Slowly the installations started to spill out from the mosnart transom into the Pullman community. Working with the many organizations (and individuals) here, the Hotel Florence porch played host to the sound piece “Now and Here” by Jenny Roberts. The grand dining room became the venue for Hudgens-Prize–winner Gyun Hur’s installation, "I Dreamed Your Utopia... ." The ruins of Market Square are currently the stage for Matthew Hoffman’s 32 ft. “Go For It” language sculpture. As artists interact with the architecture, history, and community more and more, we are building a unique mix of site-specific work and experimentation. (See some of the past and current exhibitions here)
When another building down the block became available, I moved my living space and working studio there. It then became possible to do more with the mosnart space. Longer artist residencies became possible, and by offering short-term rental of the upstairs apartment (check apartment availability) and rental of the studio space in-between art residencies (check studio availability), the building expenses for the mosnart project are close to being met without outside funding or having to interpret each possibility within the constraints and considerations of a 501c3 model.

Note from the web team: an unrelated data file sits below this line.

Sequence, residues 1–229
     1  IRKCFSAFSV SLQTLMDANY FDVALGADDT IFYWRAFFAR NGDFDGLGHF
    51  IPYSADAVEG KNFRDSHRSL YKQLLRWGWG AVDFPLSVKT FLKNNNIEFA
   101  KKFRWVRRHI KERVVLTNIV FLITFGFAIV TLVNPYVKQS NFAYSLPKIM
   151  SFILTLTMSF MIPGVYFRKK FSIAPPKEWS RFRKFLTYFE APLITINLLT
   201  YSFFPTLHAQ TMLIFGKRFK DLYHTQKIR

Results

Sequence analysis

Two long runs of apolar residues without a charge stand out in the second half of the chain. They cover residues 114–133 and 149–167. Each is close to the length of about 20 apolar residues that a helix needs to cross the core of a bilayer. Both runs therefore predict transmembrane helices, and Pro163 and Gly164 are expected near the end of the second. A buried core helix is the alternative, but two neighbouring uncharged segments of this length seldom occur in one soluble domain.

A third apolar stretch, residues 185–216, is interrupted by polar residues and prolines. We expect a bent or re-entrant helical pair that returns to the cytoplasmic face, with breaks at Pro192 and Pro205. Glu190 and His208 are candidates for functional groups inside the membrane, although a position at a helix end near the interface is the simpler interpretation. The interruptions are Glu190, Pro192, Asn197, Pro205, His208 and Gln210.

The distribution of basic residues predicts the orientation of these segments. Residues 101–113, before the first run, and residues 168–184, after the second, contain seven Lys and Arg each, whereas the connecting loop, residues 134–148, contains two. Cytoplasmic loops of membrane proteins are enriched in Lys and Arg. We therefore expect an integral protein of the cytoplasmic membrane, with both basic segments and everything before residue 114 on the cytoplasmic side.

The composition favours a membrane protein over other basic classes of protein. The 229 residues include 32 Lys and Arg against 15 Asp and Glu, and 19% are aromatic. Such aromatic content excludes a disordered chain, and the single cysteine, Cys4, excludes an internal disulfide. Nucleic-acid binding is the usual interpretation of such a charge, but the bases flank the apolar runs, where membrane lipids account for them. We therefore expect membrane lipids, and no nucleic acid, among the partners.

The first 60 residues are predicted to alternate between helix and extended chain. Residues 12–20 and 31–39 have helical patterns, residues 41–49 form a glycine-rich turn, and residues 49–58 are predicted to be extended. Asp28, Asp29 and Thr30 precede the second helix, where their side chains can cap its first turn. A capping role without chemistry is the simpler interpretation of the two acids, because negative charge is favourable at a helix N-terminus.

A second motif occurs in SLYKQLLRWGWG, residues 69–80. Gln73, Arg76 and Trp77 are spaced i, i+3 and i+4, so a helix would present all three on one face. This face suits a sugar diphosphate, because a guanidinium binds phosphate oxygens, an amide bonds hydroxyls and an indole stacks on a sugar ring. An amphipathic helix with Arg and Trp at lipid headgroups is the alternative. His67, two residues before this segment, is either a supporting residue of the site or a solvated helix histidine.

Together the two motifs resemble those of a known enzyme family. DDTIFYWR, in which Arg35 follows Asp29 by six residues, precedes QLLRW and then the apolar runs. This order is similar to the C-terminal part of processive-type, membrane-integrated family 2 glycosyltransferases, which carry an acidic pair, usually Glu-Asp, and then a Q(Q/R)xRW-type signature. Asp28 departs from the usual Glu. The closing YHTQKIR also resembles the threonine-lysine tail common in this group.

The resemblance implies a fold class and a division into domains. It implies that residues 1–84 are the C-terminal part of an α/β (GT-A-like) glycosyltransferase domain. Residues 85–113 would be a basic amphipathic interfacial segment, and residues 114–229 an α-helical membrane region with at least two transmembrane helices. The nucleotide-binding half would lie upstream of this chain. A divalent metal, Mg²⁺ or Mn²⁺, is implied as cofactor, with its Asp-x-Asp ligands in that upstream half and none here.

As part of the answer to the question, I asked several of the participating artists: “What is the mosnart project about to you?”
Here are their responses: